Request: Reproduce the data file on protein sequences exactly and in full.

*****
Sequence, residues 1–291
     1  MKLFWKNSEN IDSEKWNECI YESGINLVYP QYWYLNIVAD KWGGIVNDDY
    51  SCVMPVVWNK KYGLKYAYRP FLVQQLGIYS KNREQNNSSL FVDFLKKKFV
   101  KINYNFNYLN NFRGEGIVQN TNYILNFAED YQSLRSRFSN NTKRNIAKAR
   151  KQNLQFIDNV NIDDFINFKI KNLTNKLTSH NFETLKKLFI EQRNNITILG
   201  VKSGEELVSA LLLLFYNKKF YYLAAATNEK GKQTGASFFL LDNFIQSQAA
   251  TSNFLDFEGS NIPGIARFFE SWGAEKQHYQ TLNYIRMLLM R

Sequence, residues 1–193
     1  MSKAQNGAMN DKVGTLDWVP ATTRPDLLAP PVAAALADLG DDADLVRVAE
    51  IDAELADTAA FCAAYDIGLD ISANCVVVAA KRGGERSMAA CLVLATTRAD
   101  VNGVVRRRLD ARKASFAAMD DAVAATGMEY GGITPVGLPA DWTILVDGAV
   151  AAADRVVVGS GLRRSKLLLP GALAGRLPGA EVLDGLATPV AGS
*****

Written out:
Sequence, residues 1–291
     1  MKLFWKNSEN IDSEKWNECI YESGINLVYP QYWYLNIVAD KWGGIVNDDY
    51  SCVMPVVWNK KYGLKYAYRP FLVQQLGIYS KNREQNNSSL FVDFLKKKFV
   101  KINYNFNYLN NFRGEGIVQN TNYILNFAED YQSLRSRFSN NTKRNIAKAR
   151  KQNLQFIDNV NIDDFINFKI KNLTNKLTSH NFETLKKLFI EQRNNITILG
   201  VKSGEELVSA LLLLFYNKKF YYLAAATNEK GKQTGASFFL LDNFIQSQAA
   251  TSNFLDFEGS NIPGIARFFE SWGAEKQHYQ TLNYIRMLLM R

Sequence, residues 1–193
     1  MSKAQNGAMN DKVGTLDWVP ATTRPDLLAP PVAAALADLG DDADLVRVAE
    51  IDAELADTAA FCAAYDIGLD ISANCVVVAA KRGGERSMAA CLVLATTRAD
   101  VNGVVRRRLD ARKASFAAMD DAVAATGMEY GGITPVGLPA DWTILVDGAV
   151  AAADRVVVGS GLRRSKLLLP GALAGRLPGA EVLDGLATPV AGS